Progress possible but still a mountain to climb

This piece by Michelle O’Neill appeared in this morning’s Irish News Monday, 11 September.

I laid out the Sinn Féin position last week while addressing our All-Ireland parliamentary teams in North county Dublin. 20170128_154209

I said that the route-map to an agreement in the Stormont talks is clear.

That is still the case.

And the destination at the end of that route-map is equally clear.

It is a society where all citizens are treated with equality and respect by the Executive whom they democratically elect to serve the people.

Where no one faces discrimination because of the language they speak, where they come from or who they love.

Where families who have lost loved ones during the conflict are afforded compassion and their right to due process through the courts.

Can anyone logically explain why a loving couple cannot marry in the North, but can do so across the rest of these islands?

Why children being educated through the medium of Irish are being denied the same language rights as enjoyed by their peers in other parts of these islands?

Or why some bereaved families have now been waiting over 40 years for inquests to be held?

That wouldn’t be tolerated anywhere else and it will not be tolerated here.

So our destination is a society that puts an end to the denial of rights.

A society governed by political institutions on the basis of integrity, mutual respect and equal partnership government. A government where commitments given and agreements made are honoured and implemented to the benefit of all of society.

No one who is genuinely committed to the well-being of citizens, to good governance and the delivery of the very best public services has anything to fear from that.

It is not a republican agenda; it is a progressive agenda. A people-first agenda.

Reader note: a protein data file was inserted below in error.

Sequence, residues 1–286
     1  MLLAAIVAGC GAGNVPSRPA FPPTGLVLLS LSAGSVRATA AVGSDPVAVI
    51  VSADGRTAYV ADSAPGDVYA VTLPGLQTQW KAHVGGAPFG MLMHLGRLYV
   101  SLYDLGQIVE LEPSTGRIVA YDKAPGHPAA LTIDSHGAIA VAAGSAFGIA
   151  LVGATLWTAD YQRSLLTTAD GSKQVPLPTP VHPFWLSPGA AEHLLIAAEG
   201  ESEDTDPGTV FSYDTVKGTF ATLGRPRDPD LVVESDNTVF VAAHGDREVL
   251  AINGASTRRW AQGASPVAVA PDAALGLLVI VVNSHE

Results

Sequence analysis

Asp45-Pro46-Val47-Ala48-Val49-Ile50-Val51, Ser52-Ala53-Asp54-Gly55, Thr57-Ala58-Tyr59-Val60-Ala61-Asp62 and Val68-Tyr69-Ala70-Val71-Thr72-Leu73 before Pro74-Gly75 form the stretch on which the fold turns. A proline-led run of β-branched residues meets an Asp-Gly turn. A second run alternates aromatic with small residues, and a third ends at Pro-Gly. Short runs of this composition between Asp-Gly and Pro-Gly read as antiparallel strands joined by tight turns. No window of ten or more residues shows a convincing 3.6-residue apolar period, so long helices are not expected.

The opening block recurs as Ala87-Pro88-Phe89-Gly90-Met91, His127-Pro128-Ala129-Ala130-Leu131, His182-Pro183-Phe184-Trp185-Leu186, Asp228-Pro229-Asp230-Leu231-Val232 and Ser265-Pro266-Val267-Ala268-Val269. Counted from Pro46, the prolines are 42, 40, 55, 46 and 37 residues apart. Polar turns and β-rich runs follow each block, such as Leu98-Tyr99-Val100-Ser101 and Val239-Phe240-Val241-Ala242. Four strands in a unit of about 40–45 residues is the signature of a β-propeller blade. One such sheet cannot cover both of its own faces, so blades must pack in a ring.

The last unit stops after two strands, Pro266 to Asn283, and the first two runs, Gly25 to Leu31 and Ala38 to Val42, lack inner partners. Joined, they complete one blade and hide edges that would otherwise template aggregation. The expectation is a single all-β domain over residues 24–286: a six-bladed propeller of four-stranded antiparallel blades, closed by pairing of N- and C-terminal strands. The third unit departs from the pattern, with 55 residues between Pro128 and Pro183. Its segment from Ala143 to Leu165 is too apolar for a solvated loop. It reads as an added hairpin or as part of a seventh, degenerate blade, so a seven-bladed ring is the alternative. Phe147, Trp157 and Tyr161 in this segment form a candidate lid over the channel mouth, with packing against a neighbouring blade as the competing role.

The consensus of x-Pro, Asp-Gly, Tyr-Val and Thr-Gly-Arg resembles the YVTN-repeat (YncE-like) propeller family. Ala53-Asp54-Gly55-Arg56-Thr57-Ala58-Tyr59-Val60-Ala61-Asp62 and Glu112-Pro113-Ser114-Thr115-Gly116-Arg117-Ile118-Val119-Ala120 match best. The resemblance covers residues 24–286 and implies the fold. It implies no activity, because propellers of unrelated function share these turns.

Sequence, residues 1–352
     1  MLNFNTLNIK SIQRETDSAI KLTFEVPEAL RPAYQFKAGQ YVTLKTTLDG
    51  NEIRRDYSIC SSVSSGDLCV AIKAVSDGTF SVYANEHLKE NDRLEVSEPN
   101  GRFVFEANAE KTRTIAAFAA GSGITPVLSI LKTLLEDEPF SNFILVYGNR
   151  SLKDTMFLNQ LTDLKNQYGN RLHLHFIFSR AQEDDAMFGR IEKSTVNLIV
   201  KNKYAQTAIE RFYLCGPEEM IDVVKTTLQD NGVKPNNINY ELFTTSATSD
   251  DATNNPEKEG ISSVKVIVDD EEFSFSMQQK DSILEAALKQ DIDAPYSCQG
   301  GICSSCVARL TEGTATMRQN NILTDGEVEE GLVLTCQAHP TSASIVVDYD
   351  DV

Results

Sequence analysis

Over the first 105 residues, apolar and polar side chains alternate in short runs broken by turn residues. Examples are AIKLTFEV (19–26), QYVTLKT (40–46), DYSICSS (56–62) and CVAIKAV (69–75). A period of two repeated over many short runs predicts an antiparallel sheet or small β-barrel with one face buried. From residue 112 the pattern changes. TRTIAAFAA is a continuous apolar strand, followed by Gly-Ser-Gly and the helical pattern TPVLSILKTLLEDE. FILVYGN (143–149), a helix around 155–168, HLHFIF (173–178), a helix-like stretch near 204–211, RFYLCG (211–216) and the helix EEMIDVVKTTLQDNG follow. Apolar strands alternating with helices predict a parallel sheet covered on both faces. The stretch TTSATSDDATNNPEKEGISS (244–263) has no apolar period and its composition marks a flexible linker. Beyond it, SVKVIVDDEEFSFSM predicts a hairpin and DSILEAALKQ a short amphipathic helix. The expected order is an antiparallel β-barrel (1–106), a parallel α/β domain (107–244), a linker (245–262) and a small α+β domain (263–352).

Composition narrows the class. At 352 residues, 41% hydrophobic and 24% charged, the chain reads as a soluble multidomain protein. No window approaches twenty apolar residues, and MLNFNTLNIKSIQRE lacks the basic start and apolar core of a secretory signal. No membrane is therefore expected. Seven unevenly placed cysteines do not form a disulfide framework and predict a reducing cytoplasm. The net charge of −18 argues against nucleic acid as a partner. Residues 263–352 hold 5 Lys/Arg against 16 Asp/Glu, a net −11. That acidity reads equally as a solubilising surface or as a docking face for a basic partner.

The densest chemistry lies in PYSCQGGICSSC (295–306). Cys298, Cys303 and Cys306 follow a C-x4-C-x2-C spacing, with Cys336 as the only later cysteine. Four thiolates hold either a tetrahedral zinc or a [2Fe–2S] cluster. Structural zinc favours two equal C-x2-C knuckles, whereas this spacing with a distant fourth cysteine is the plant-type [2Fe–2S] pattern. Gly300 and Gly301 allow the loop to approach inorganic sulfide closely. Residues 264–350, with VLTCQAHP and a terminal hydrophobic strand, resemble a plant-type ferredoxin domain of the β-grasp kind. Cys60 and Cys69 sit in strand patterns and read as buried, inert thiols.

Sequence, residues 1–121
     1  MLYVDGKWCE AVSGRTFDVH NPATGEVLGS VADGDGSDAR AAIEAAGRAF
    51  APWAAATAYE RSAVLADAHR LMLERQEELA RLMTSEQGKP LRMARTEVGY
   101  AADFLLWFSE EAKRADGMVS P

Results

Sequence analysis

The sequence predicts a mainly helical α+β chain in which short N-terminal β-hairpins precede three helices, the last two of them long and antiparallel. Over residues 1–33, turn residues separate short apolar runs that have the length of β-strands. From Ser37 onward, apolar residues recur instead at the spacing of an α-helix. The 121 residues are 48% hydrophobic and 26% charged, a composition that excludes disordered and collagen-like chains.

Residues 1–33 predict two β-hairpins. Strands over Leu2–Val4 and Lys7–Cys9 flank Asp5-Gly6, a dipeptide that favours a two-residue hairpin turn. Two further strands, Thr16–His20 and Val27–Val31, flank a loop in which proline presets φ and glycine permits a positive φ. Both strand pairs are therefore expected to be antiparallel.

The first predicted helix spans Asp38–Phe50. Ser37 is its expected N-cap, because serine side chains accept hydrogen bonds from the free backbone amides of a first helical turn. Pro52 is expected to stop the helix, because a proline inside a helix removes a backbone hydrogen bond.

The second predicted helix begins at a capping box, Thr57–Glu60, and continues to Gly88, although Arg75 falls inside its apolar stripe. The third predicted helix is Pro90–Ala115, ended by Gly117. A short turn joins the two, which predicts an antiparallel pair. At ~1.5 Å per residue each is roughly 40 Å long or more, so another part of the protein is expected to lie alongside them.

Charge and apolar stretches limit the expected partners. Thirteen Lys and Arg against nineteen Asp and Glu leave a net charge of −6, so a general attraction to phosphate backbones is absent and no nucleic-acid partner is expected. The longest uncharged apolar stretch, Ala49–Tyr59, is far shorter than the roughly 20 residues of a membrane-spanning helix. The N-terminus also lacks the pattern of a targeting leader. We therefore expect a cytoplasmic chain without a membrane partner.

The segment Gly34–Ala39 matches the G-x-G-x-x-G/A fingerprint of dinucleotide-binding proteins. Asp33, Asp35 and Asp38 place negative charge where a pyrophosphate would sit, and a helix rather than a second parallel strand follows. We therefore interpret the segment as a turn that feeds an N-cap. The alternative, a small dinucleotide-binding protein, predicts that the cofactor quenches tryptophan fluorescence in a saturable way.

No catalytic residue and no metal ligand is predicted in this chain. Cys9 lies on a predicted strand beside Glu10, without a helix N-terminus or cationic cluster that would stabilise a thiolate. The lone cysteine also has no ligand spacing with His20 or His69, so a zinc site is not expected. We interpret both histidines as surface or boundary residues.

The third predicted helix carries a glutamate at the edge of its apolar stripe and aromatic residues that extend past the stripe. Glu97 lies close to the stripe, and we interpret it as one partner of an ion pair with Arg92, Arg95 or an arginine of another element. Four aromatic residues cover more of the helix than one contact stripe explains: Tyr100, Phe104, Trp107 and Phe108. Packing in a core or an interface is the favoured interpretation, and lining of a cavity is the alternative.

That is what Sinn Féin spent ten years in the Executive trying to build under the leadership of Martin McGuinness.

As a member of the Executive I witnessed how he worked with successive DUP leaders, to continually reach out to unionists on the basis of equality, respect and reconciliation.

It pained him greatly that his leadership wasn’t reciprocated.

There is a mutual obligation on the First and deputy First Ministers to represent their respective communities, who have distinct identities. There is also a special responsibility on the joint office to bridge the divide between those communities by representing everyone together.

Martin persevered because it was the right thing to do and no one can question SInn Féin’s track record in the Executive. We not only worked the institutions, but heavily invested in them up until the point of collapse.

They are an integral part of our strategy, pivotal to our plans to transform society for the better on this island.

Sinn Féin wants to bring about fundamental societal change North and South. This therefore requires us to be in government in both Dublin and Belfast.

So we are absolutely committed to seeing the political institutions re-established. We are determined to build on Martin’s legacy, but not at any cost.

That is what success in the talks looks like – new institutions founded on their original guiding principles of equality and mutual respect.

This would be an important advance for citizens who want the parties to turn a corner and who want to see a significant step change. A new political era which looks to the future, rather than the past.

To date, there have been three phases of talks, which have not yet produced the right basis to form a sustainable executive.

However, I remain convinced that we can find a resolution and I welcome the recent intensification of talks with the DUP and Arlene Foster’s acknowledgment that legislative protections should be afforded to Irish speakers.

That is common ground, a good starting point. However nobody can be in any doubt that we still have a mountain to climb.

We need to build on that in the days ahead. To broaden the common ground further.

To re-establish the institutions on the basis they were originally designed and endorsed by the people of Ireland in the Good Friday Agreement.

It is doable, it is achievable. It doesn’t require anyone to compromise their principles or lose face. I have said time and again, I do not want to see majorities or minorities – only equality and respect.

Citizens rights need to be underpinned in law.

Citizens must have the means to legally challenge any denial of their rights.

This means all citizens regardless of political allegiance.

And it’s the key to unlocking the current impasse and the restoration of institutions that can deliver for all of our people.